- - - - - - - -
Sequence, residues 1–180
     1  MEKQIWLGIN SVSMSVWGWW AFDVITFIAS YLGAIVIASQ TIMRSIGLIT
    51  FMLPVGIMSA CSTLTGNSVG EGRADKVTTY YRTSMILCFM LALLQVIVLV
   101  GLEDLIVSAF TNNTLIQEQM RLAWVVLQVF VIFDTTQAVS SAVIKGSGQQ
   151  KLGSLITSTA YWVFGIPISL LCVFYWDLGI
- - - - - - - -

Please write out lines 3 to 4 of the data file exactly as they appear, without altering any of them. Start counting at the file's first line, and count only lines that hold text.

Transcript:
    51  FMLPVGIMSA CSTLTGNSVG EGRADKVTTY YRTSMILCFM LALLQVIVLV
   101  GLEDLIVSAF TNNTLIQEQM RLAWVVLQVF VIFDTTQAVS SAVIKGSGQQ